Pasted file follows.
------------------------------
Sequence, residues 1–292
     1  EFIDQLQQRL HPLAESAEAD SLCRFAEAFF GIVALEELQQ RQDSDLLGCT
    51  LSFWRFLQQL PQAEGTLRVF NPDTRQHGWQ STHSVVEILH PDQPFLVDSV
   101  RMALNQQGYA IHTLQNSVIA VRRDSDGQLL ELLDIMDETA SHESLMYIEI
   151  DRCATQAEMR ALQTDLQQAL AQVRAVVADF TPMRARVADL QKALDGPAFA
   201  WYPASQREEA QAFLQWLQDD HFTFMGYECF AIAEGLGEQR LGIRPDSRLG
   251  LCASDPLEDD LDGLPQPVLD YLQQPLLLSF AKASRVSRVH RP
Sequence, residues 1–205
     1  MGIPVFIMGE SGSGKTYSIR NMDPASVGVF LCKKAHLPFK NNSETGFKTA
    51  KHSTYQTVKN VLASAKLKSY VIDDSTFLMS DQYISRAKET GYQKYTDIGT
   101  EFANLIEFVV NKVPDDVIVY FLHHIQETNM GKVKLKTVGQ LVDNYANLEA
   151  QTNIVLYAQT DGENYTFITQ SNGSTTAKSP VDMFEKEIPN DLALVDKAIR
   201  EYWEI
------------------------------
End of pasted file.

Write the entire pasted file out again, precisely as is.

Sequence, residues 1–292
     1  EFIDQLQQRL HPLAESAEAD SLCRFAEAFF GIVALEELQQ RQDSDLLGCT
    51  LSFWRFLQQL PQAEGTLRVF NPDTRQHGWQ STHSVVEILH PDQPFLVDSV
   101  RMALNQQGYA IHTLQNSVIA VRRDSDGQLL ELLDIMDETA SHESLMYIEI
   151  DRCATQAEMR ALQTDLQQAL AQVRAVVADF TPMRARVADL QKALDGPAFA
   201  WYPASQREEA QAFLQWLQDD HFTFMGYECF AIAEGLGEQR LGIRPDSRLG
   251  LCASDPLEDD LDGLPQPVLD YLQQPLLLSF AKASRVSRVH RP
Sequence, residues 1–205
     1  MGIPVFIMGE SGSGKTYSIR NMDPASVGVF LCKKAHLPFK NNSETGFKTA
    51  KHSTYQTVKN VLASAKLKSY VIDDSTFLMS DQYISRAKET GYQKYTDIGT
   101  EFANLIEFVV NKVPDDVIVY FLHHIQETNM GKVKLKTVGQ LVDNYANLEA
   151  QTNIVLYAQT DGENYTFITQ SNGSTTAKSP VDMFEKEIPN DLALVDKAIR
   201  EYWEI